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Misconfigured cloud services in SEA at risk of exploitation by threat actors
Tue, 20th Jul 2021
FYI, this story is more than a year old

More than a quarter of cloud infrastructure configurations across Southeast Asia could be exploited by threat actors due to poor security and misconfigurations, says cybersecurity firm Horangi.

The company recently analysed more than 1 million cloud infrastructure configurations and found that approximately 265,000 were misconfigured. Horangi leveraged its Warden security solution to analyse these configurations.

The most common misconfiguration included unrestricted outbound access to network ports that could be used to gain unauthorised entry into an organisation's network (84% of organisations).

Furthermore, 88% of organisations had unused identity and access management (IAM) credentials, 63% of organisations still had registered inactive users in their database, 56% had users without multi-factor authentication.

97% of organisations had permissions attached to users directly; as a best practice, organisations should assign permissions at a group level to streamline access management, and to avoid accidentally granting individuals higher privileges than intended

Further, 91% of organisations also see gaps in their monitoring of sensitive changes and 78% had gaps in their ability to audit changes to their infrastructure, leading to a lack of visibility.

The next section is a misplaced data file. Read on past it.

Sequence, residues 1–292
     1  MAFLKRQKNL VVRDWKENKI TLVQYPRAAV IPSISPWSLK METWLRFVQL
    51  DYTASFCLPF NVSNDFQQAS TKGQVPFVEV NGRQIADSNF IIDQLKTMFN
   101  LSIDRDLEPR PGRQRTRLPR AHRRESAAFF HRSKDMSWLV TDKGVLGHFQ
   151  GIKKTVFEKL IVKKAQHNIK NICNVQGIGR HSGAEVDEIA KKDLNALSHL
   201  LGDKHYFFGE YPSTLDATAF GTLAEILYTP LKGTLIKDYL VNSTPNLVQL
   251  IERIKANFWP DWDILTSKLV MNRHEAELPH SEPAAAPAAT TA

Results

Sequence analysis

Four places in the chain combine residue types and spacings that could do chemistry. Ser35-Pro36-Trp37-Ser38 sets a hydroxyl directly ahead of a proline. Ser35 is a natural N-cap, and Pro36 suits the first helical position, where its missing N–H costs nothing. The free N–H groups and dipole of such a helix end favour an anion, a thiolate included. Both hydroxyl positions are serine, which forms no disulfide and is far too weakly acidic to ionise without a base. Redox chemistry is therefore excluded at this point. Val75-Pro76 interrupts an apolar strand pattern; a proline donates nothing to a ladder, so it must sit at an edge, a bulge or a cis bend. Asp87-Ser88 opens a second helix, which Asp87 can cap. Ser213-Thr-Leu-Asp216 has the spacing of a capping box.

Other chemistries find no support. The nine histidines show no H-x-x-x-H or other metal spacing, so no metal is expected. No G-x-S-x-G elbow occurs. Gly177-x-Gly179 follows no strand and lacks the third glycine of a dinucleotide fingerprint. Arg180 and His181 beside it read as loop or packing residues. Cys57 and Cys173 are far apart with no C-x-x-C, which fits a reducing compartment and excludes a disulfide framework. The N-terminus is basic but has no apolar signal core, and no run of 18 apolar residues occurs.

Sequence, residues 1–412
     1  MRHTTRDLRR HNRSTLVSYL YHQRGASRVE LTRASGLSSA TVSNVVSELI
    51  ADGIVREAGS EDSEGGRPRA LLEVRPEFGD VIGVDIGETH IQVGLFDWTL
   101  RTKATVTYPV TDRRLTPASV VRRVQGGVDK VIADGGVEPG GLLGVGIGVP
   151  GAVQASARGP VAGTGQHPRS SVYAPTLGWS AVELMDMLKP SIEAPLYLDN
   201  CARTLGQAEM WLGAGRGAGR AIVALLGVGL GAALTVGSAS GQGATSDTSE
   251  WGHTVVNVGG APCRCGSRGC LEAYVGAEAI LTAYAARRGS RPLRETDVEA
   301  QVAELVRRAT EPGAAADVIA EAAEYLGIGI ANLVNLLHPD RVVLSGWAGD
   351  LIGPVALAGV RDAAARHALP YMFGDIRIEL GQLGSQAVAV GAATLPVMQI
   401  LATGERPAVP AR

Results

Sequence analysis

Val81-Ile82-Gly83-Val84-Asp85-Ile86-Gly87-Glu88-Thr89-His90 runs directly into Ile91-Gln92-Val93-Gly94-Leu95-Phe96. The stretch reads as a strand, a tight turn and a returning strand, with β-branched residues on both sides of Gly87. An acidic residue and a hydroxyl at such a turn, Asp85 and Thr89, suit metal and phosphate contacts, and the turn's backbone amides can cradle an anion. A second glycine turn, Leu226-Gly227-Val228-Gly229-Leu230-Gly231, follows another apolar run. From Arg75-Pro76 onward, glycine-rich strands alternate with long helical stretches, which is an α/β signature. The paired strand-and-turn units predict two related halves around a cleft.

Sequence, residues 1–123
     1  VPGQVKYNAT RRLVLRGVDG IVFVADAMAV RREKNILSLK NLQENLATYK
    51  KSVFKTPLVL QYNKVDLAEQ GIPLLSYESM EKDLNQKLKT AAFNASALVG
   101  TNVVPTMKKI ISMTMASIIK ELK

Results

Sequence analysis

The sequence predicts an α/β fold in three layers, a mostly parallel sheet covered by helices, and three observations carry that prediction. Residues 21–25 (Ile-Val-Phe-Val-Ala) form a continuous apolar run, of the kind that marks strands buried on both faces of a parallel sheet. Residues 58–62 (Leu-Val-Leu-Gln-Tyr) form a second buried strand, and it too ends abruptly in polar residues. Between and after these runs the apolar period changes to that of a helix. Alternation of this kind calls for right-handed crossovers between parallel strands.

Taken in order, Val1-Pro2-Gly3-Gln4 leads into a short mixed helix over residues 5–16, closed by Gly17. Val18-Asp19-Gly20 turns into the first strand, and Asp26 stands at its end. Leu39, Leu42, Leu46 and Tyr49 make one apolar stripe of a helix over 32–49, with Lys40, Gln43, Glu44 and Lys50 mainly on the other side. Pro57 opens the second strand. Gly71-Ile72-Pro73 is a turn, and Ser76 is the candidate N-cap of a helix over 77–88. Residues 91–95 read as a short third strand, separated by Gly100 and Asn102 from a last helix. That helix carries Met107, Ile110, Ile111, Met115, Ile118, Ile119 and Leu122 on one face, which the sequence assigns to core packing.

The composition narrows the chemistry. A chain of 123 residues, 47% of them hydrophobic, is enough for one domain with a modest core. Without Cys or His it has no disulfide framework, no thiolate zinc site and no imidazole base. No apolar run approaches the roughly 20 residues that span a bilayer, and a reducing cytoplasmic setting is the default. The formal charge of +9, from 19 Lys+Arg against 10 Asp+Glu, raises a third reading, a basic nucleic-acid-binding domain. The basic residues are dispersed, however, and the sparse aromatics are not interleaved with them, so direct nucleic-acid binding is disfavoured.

Misconfigurations can have potentially disastrous consequences for organisations, particularly those who operate in a remote working or hybrid working environment and leverage more cloud solutions.

Horangi CEO and cofounder Paul Hadjy says that IT leaders need to focus on areas such as remote work security policies, access control, identity and access management, privileged access management, security awareness training, endpoint protection, data loss prevention, and supply chain risk concerns to mitigate breaches and attacks.

“Solutions such as Cloud Security Posture Management (CSPM) applications can enable the proactive identification and remediation of vulnerabilities, helping to improve organisational risk postures for the region's increasingly cloud-first organisations.

Horangi states that organisations can leverage two types of cloud security services: Native cloud security available through cloud service providers such as Amazon Web Services, Google Cloud and Microsoft Azure; and third party security offered by other vendors and plug gaps in services provided by native cloud tools.

“While native cloud security tools may be sufficient for businesses with a single cloud environment, third party options may be a more viable option for organisations that need to manage large or critical cloud workloads, and have multiple cloud service accounts,” says Hadjy.

“Third-party cloud security can value-add to internet businesses in complex and highly regulated industries such as finance, healthcare, services and government, while being fully supported operationally to scale flexibly according to business needs and developments.